NEWS
October 11, 2007 | By Jeff Shields, Inquirer Staff Writer
Artificial trans fats, the new dietary demon and subject of a ban in Philadelphia, found friends yesterday in generations of neighborhood bakers who convinced a City Council committee that it should keep their tradition alive. The Committee on Public Health yesterday endorsed a bill, sponsored by Councilwoman Joan Krajewski, that would exempt neighborhood bakeries from the citywide trans-fats ban, which was to begin for them in January. The full Council could vote on it in two weeks.
NEWS
July 17, 2012 | By Lauran Neergaard, Associated Press
WASHINGTON - Turns out it's possible to make a fast-food lunch a bit healthier even without skipping the fries. New York City now has hard evidence that its ban on trans fat in restaurant food made a meaningful dent in people's consumption of the artery clogger and wasn't just replaced with another bad fat. The findings published Tuesday have implications beyond heart health, suggesting another strategy to curb the nation's obesity epidemic fueled...
BUSINESS
October 31, 2006 | FROM INQUIRER WIRE SERVICES
KFC Corp., the home of Colonel Sanders' Kentucky-fried chicken, will start using oil without trans fatty acids in the United States after a lawsuit and health experts claimed its food raises the risk of heart disease. The Louisville, Ky., company said yesterday that it was phasing out trans fats in cooking its Original Recipe and Extra Crispy fried chicken, Potato Wedges and other menu items but has not found a good alternative yet for its biscuits. Health experts say trans fats raise levels of cholesterol, which clogs arteries and contributes to heart disease.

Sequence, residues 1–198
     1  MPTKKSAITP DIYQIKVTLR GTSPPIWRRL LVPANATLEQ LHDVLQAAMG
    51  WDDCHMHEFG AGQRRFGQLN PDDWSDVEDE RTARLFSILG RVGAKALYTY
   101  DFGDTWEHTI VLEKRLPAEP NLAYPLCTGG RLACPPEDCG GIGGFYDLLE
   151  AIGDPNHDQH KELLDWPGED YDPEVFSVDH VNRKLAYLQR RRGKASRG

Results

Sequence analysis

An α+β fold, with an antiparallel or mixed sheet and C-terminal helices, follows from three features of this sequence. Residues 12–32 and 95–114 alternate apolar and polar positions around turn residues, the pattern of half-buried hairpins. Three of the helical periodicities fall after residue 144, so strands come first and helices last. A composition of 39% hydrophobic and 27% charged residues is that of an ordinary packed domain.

1 | 2 | 3 | 4 | 5 | Next »
ARTICLES BY DATE
NEWS
October 1, 2014
IN THESE DAYS of growing income inequality, the rich get richer and the poor get . . . diabetes. And heart disease. And cancer. A recent study of the eating habits of 29,124 Americans by the Harvard School of Public Health verified a widening "food gap" between the poor and everyone else. While people at higher income levels are eating more healthy foods than they were 12 years ago, low-income Americans are lagging even farther behind. Poor eating habits, and the obesity that often results, are strongly tied to a host of chronic (and expensive to treat)
NEWS
November 9, 2013 | By Marie McCullough, Inquirer Staff Writer
Saying it has determined that trans fats are not safe for use in food, the U.S. Food and Drug Administration on Thursday announced steps that would virtually eliminate the heart-clogging ingredient, which many companies have already phased out of their food products. Americans' consumption of trans fats has declined sharply over the last two decades, but the independent Institute of Medicine has concluded there is no safe level, and no health benefits. "Further reduction of trans fat in the American diet could prevent an additional 20,000 heart attacks and 7,000 deaths from heart disease each year," said FDA Commissioner Margaret A. Hamburg.
FOOD
March 15, 2013 | By Alison Ladman, Associated Press
This classic Irish quick bread - no rising time needed - lends itself to numerous creative variations. Traditional recipes often call for nothing but flour, salt, baking soda and buttermilk or yogurt. Currants are a common addition, but that's just the start. Any number of seeds, nuts, chopped dried fruit, and even chocolate can be added. For our take on soda bread, we decided to have a little of everything. We started with a rich take on the classic recipe, studding it with currants and caraway seeds.
NEWS
February 21, 2013 | BY LAUREN McCUTCHEON, Daily News Staff Writer, mccutch@phillynews.com, 215-854-5991
You think you know what a heart-healthy diet looks like: Lots of vegetables. Lots of fruit. Lots of color and fiber. Less sodium. Very little saturated fat. Even less trans fat. But you also know something else: Heart-healthy eating is much easier said than done. Here, five local experts show us a dozen ways to simplify your everyday eating, to put you and your heart on the path to a long, lovely life together. Portion control Counting calories is hard. Limiting portions is easier.